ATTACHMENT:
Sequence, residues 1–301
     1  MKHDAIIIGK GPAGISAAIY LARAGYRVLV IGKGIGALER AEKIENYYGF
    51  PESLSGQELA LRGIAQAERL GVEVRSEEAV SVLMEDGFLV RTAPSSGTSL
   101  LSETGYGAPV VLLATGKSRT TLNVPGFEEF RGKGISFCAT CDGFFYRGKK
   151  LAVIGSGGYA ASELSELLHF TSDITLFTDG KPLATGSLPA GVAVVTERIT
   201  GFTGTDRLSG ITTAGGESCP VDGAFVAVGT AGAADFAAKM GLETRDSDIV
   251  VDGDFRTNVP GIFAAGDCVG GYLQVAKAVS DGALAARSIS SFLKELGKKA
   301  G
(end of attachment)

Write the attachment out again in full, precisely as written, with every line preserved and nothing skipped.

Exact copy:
Sequence, residues 1–301
     1  MKHDAIIIGK GPAGISAAIY LARAGYRVLV IGKGIGALER AEKIENYYGF
    51  PESLSGQELA LRGIAQAERL GVEVRSEEAV SVLMEDGFLV RTAPSSGTSL
   101  LSETGYGAPV VLLATGKSRT TLNVPGFEEF RGKGISFCAT CDGFFYRGKK
   151  LAVIGSGGYA ASELSELLHF TSDITLFTDG KPLATGSLPA GVAVVTERIT
   201  GFTGTDRLSG ITTAGGESCP VDGAFVAVGT AGAADFAAKM GLETRDSDIV
   251  VDGDFRTNVP GIFAAGDCVG GYLQVAKAVS DGALAARSIS SFLKELGKKA
   301  G